Thousands have died in North West Pakistan as well, where the pro-US Pakistani government has waged brutal campaigns against tribal populations that support the Afghan resistance, and US Predator drones regularly unleash missiles against civilian sites allegedly sheltering insurgents.
The implications of the Lisbon summit for the people of Afghanistan and North West Pakistan are countless more years of death, destruction and terror.
Already, as part of Obama’s surge, which boosted US and NATO troop numbers to 150,000, violence has been massively stepped up, with new offensives launched in Helmand and Kandahar provinces. Indicative of the brutal character of such operations, the number of bombs being dropped over Afghanistan has soared. Over 1,000 bombing missions were conducted in October, compared with 660 in October 2009.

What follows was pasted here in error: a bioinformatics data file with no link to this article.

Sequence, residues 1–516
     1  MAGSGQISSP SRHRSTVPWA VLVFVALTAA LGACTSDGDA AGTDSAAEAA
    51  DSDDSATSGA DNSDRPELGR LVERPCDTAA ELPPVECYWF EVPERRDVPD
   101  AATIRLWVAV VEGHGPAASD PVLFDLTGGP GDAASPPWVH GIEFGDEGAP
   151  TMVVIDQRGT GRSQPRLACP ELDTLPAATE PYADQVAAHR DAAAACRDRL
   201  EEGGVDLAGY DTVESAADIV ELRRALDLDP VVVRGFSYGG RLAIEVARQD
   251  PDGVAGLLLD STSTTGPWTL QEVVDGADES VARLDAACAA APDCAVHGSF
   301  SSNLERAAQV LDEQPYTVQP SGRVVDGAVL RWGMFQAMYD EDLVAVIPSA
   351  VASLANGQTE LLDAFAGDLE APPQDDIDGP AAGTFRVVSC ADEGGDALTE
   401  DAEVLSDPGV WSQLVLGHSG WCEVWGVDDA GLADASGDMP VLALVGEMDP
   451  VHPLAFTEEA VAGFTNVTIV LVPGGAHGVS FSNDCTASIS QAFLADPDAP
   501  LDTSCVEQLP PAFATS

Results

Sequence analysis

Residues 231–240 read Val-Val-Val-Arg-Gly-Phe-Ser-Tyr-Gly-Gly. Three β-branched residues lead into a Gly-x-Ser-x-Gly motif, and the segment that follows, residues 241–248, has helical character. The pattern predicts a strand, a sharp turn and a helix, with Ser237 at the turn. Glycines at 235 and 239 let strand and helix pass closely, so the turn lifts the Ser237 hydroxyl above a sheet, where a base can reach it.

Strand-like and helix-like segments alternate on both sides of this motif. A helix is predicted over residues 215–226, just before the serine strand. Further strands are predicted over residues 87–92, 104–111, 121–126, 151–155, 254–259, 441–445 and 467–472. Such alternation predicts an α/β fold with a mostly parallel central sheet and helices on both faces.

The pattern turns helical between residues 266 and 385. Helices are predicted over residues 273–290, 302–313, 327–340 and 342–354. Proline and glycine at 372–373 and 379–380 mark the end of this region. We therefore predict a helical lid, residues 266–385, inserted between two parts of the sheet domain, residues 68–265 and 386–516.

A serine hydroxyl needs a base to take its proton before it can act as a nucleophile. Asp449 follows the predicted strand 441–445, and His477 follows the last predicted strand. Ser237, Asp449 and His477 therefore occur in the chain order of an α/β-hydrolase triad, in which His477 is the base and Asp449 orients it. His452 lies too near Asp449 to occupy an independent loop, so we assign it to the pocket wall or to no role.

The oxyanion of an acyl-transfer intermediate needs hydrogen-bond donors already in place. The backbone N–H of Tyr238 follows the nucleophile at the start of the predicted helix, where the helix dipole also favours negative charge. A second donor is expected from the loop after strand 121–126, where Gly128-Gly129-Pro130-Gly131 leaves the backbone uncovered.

Heavy M1 Abrams tanks are being deployed to southern Afghanistan for the first time to assist Marines in suppressing the resistance they are encountering.
The civilian population is being subjected to indiscriminate collective punishment. A New York Times article on Tuesday reported that American troops are systematically destroying hundreds of civilian houses in former Taliban-controlled areas of Kandahar, on the grounds that they may be booby-trapped. In a statement that resonated with the brutality of the Vietnam War, the pro-occupation Afghan governor of Kandahar’s Khosrow district, where as many as six villages have been levelled, told the Times: “We had to destroy them [the villages] to make them safe.”